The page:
What are Digital Materials Libraries?

If you don’t have the right materials, you can’t build an excellent product. To create something truly exceptional, you need to have the right tools at your fingertips. Digital materials libraries make this possible by providing a central repository for materials, whether that’s ingredients and formulations for food and cosmetics companies or fabrics for apparel manufacturers.

Digital materials libraries put all the building blocks you need to create product designs in one location. The designer has complete visibility and control over the components they use to complete the design. The result is a faster product design cycle with less inefficiency.

However, many enterprises are still using outdated legacy solutions and manual processes to manage materials. There is a heavy reliance on physical processes where materials are shipped from location to location. As a consequence, these companies face a complex product design cycle with specialized file types and applications managed with disparate systems.

Digital materials are just another type of content that can be managed with Content Services Platform (CSP), which forces companies to adopt digital solutions to access these materials. Without a unified digital solution, the processes are siloed and slow. Lack of transparency makes it much harder for designers to create quality designs and increases the time taken to bring a product to market. A streamlined product design cycle starts with a digital materials library.

The “Disparate Systems” Problem: 3 Companies’ Stories

When we talked to large consumer goods companies about Product Asset Management (PAM), we found that many companies were frustrated with trying to manage designs through multiple applications while being beholden to downstream demands. More specifically, the enterprises we spoke to had the following problems:

Company #1: A major cosmetics manufacturer
Project design delays were commonplace. Designers often referenced materials and ingredients that weren’t available anymore. Poor visibility also meant designers were unaware of new materials and ingredients they could use for designs.

Company #2: An accessories and footwear company
It was extremely difficult to view textures and material test data side-by-side with logistics data, such as information on the supplier, availability, and color. They wasted lots of time manually piecing together information from separate sources.

Company #3: An apparel company
Designers needed to send a request to a siloed materials team before they could use a material for a design. Then, designers could only approve designs after a swatch was ordered and tiled to a larger square. Downstream demands made it much more difficult for designers to experiment.

In other words, non-integrated materials libraries from multiple data sources weren’t designer-friendly, and every mistake dragged projects out longer. The only way to rectify the problem and to eliminate the silos was to digitize their materials into a digital library, with 3D renderings and texture scans.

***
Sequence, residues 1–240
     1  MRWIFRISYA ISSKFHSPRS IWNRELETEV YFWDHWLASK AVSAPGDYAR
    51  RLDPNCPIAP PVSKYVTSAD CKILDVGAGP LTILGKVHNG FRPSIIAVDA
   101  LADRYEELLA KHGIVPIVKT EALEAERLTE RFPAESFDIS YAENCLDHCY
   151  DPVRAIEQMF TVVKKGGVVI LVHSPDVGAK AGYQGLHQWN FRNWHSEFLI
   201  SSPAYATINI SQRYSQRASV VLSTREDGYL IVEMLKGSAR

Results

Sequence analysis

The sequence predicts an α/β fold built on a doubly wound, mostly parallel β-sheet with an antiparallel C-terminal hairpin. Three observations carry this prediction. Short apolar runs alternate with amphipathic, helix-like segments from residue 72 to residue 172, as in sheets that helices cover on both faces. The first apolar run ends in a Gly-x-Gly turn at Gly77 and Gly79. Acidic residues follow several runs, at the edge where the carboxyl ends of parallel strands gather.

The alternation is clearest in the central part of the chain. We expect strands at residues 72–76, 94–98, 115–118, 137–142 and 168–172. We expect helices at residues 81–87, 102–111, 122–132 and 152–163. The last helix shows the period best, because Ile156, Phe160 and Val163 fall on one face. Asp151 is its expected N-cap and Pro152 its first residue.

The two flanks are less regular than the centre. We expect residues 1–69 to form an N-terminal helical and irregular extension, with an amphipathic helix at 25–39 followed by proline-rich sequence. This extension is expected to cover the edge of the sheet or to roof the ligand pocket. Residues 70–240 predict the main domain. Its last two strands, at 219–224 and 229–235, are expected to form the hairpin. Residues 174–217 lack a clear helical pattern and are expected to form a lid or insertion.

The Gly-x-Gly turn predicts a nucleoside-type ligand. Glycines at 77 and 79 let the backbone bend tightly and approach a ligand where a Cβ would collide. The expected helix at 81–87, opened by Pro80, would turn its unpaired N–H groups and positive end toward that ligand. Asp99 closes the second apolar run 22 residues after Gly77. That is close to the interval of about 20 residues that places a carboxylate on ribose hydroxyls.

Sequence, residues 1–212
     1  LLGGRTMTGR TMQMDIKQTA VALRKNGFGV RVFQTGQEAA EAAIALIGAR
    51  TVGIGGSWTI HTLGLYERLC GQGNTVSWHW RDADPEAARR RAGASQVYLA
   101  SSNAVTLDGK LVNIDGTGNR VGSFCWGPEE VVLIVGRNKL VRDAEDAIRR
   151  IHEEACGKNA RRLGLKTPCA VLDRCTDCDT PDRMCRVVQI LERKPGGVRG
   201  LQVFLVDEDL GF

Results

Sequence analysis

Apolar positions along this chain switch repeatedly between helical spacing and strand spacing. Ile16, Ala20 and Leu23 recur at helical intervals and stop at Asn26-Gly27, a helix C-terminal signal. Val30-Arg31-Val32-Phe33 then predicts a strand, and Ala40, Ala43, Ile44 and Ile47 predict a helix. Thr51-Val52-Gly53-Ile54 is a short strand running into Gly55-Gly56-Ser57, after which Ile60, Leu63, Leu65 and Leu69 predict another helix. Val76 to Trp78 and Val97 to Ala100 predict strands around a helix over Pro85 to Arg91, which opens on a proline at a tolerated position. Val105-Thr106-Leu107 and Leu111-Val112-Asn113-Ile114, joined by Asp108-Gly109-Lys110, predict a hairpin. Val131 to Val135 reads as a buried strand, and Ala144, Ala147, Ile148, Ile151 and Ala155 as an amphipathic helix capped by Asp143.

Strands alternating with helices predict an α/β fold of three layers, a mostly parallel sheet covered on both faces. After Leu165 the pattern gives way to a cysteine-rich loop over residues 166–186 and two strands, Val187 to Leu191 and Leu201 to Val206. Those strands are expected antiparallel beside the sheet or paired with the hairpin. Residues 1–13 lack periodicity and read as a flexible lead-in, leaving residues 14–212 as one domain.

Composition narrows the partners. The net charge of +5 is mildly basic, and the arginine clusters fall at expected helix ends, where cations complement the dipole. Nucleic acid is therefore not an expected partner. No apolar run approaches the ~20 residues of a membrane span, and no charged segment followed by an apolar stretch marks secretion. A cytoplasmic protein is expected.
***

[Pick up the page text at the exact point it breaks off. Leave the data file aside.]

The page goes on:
Use Your Design Process to Work Smarter!

Building a digital material library is a critical step for maximizing productivity during the product design process.

Rather than asking designers to hop from software-to-software to put together designs, you can make the process smarter with a single digital platform to pull together materials from multiple solutions. More visibility stops the downstream havoc so you can work smarter and not harder.

The Future: Digital Materials Libraries built with Content Services Platforms

The needs of designers need to be at the heart of your solution. A designer need to be able to use, catalog, and modify compound files. For instance, the user could create a materials directory object with 3D rendering alongside image files, and examples of the material featured in previous designs.

With full access to current and past materials used in designs, designers and downstream teams will have access to all the information they need. It’s also easier to communicate. Compound files can be shared with colleagues or external vendors, displaying materials in context.

Your colleagues should be able to leave comments on designs to give their feedback. Streamlined communication eliminates siloing and gives designers real-time input on their designs. Instant communication helps to create a product that hits the brief.

The Nuxeo Platform helps companies get products to market faster through an intelligent design process. Our platform can develop and sync multiple materials libraries with content ranging from 2D images to 3D renderings and texture scans. Users can manage internal and external sources in one unified collaboration space.

If you want to find out how the Nuxeo Platform can help you to speed up your product asset management with a digital materials library, visit www.nuxeo.com/pam/.